Often God’s most precious gifts are hidden in the most obscure and common vessels. The costly pearl is found hidden in the plain gray oyster shell, and the Savior Himself was revealed in the form of a humble carpenter. Yet, we still too often expect to find the glory of God on some grand stage, bathed in bright lights. (1 Cor. 1:26-29)
Sarah Cooke (better know as Auntie Cooke) was one of the Master’s hidden pearls. Her ministry was primarily that of fervent intercession. Though frail and small, Auntie Cooke prevailed with God and man through the power of prayer. Her ministry was unseen, yet it influenced those who were highly respected and esteemed. She touched the lives of men like Samuel Brengle, G. Campbell Morgan, B. T. Roberts, John Wesley Redfield, S. B. Shaw and D. L. Moody. All these and many more were impacted by this one little praying woman. Sarah Cooke recognized true prayer as fervent, earnest and a wrestling in the Spirit. She considered every moment spent in real prayer as a moment spent in the refreshing fire of the Holy Spirit. She was always ready to help support God’s reviving work with the weapon of prayer. Mrs. Cooke’s autobiography is rich with examples of her prayer ministry. She writes, “It was at Ross that the work broke out in great power. There seemed to be an outburst of the cloud of mercy. For miles and miles around ‘mercy drops’ fell on the people. Conviction seized men fifteen miles away, who had not been near the meeting. We passed a place one day where the men had stopped their threshing-machine and were having a prayer-meeting. A little farther on, more reapers had stopped their work, and were down on their knees in prayer . . . There were frequent seasons of earnest, prevailing prayer, lively singing, followed by short burning messages and testimonies. We had no formal, dry services. The blessed Holy Spirit breathed life and power on us in every service. Sudden outbursts of cries for mercy and shouts of praise were heard in most of the meetings.”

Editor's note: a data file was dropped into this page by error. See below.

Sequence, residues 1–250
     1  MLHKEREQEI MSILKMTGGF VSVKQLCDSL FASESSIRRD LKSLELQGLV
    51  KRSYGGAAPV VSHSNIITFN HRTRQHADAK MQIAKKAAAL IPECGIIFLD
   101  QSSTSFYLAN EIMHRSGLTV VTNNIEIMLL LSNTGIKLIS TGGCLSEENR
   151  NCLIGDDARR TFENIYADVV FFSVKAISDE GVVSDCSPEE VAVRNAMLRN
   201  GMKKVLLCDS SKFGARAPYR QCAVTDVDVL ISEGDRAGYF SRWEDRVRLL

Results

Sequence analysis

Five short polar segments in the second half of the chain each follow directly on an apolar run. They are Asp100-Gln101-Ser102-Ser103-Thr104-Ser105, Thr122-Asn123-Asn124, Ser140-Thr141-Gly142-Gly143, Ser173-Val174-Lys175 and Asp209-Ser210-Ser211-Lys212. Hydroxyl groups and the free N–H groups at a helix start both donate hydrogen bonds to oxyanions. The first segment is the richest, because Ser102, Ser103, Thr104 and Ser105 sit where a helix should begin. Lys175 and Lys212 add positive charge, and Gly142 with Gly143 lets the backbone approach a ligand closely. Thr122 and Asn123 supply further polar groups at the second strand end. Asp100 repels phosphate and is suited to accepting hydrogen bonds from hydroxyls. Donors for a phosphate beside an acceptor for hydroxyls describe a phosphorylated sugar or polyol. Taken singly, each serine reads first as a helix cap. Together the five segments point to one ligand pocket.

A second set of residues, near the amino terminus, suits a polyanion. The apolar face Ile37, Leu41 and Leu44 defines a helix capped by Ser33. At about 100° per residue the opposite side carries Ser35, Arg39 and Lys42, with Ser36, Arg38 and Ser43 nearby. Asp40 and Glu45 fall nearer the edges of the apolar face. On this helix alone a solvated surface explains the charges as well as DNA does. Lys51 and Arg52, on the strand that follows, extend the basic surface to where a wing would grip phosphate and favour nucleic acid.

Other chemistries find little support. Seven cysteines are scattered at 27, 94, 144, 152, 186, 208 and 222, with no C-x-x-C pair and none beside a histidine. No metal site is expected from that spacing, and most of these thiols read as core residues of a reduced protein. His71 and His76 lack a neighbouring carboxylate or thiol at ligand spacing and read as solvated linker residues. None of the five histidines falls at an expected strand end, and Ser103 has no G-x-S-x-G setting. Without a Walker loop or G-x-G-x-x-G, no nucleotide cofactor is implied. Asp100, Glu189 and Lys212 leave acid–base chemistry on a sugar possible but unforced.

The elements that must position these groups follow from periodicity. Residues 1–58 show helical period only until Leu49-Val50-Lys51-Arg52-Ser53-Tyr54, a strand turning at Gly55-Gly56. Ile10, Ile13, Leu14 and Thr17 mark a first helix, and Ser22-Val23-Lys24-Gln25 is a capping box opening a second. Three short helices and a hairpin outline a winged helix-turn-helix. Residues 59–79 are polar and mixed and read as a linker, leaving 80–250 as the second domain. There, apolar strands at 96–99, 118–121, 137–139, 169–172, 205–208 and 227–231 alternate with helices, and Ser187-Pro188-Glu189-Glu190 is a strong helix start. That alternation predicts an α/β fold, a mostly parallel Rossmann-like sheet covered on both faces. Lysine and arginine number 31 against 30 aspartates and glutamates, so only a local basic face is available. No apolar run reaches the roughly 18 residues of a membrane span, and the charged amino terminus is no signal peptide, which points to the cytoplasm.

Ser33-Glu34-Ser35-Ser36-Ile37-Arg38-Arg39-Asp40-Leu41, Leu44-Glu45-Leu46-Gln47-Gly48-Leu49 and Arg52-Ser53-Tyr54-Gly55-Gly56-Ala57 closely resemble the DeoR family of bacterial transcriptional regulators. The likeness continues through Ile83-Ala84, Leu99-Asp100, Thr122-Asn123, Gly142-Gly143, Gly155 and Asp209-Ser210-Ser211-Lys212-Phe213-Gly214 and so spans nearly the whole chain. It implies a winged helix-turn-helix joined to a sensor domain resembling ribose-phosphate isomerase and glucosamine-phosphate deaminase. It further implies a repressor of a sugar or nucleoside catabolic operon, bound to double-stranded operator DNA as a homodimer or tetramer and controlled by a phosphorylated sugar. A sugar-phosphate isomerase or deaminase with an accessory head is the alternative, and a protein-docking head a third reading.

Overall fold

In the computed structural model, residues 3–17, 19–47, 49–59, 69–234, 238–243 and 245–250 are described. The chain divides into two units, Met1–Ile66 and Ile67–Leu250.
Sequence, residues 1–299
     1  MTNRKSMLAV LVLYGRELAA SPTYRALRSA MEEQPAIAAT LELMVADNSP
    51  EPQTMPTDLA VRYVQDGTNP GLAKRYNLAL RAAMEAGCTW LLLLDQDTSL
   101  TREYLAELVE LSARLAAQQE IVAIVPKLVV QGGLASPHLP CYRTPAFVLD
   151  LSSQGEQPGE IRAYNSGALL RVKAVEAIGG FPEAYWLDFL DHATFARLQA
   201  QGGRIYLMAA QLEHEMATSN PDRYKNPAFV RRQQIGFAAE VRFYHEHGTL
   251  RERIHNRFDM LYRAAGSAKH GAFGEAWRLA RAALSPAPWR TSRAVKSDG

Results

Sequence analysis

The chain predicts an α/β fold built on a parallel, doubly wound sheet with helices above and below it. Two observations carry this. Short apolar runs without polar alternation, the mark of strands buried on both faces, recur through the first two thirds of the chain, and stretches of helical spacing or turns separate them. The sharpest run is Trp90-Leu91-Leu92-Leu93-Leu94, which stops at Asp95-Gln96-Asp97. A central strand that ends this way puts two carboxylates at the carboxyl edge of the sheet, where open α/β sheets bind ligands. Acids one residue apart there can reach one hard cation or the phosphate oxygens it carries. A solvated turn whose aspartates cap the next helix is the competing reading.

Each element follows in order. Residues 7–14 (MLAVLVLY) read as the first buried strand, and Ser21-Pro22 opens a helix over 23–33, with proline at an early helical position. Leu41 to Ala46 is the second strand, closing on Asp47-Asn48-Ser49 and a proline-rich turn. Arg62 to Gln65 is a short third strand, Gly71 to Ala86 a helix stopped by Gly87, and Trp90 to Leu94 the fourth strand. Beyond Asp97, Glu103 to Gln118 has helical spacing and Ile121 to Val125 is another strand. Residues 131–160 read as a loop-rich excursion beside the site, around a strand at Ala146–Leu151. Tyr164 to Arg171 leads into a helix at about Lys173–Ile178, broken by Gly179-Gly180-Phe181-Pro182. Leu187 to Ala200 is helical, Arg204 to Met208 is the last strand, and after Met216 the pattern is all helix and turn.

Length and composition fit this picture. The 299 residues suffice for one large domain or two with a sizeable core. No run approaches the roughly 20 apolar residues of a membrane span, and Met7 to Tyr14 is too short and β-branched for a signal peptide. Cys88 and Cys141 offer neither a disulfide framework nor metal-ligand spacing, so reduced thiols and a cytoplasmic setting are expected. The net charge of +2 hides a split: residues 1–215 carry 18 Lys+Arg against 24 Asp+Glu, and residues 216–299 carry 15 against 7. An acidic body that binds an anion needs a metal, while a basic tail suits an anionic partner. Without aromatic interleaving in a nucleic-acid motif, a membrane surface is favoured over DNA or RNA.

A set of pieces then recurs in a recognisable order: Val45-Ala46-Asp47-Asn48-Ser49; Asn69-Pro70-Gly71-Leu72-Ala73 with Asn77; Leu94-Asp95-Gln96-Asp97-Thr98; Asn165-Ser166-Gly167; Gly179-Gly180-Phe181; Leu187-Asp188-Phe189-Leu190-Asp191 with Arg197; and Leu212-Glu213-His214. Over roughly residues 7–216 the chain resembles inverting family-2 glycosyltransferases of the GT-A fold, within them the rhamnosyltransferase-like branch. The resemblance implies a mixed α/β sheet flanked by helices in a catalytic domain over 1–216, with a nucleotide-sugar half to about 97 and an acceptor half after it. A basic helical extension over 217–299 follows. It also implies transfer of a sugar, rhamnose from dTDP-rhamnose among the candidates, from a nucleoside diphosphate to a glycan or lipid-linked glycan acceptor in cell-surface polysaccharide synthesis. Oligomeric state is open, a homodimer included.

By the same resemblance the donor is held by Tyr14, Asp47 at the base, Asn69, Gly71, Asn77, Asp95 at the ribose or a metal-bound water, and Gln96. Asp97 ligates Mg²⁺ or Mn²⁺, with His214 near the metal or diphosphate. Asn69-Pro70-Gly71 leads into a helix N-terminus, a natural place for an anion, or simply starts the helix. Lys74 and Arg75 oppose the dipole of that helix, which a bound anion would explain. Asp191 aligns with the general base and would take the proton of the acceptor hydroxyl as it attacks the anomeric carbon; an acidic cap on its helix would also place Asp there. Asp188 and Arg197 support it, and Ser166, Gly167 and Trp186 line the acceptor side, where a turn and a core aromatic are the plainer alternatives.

Another story that describes the fruitfulness of Auntie Cooke’s prayer ministry involves the famous D. L. Moody. Mrs. Cooke describes her encounter with the evangelist. “Mr. Moody was an earnest, whole-souled worker, but to me there seemed such a lack in his words. It seemed more the human, the natural energy and force of character of the man, than anything spiritual. I felt he lacked what the apostles received on the day of Pentecost. Dear sister Hawxhurst and myself would, after the evening meetings, talk with him about it. At first he seemed surprised, then convicted. Then he asked us to meet with him on Friday afternoon for prayer. At every meeting he would get more in earnest, in an agony of desire for the fullness of the Spirit.” Soon after these prayer meetings, Mr. Moody was baptized with the Spirit. While walking down Broadway in New York City, “suddenly the Holy Spirit fell upon him, and he staggered under the weight of Glory and the wealth of love. He was so overwhelmed by the revelation of Christ within him that he cried out, ‘Oh, Lord, stay Thy hand, stay Thy hand, or the vessel will break.’ Moody went back to Chicago and, as he said himself, he preached the same sermons, but where before he had ten converted, he now had hundreds.” All of this can be traced back, in large measure to little Auntie Cooke’s constant intercession for Mr. Moody. Samuel Brengle described Sarah Cooke as one of the most jubilant women he ever knew. Jesus was the passion and joy of her soul. “She let no opportunity pass by to speak to saint or sinner of Christ’s great salvation. Dr. Campbell Morgan tells how he stepped onto a streetcar one day and saw a man sitting alone in one of the seats. He felt an impulse to speak to him about his soul, but hesitated to gather his courage. When he turned to take the seat he found it occupied by a little woman, who was now earnestly speaking to the man.” That little woman was Sarah Cooke.
Mrs. Cooke was many times broken-hearted by the sin of prayerlessness among Christians. In closing, let us open our hearts as Mrs. Cooke describes how prayer is often neglected in the Church. “I was in a meeting in Illinois where more than twenty preachers were present, every day a prayer meeting was held at six o’clock. Three mornings the hour came, but not one of the twenty preachers were there. My soul was stirred within me. If alive to God, would they not have been there to take hold of the blessing of God for the people who would gather there through the day? Awake beloved preacher of the Gospel!” “You have not, because you ask not.” James 4:2.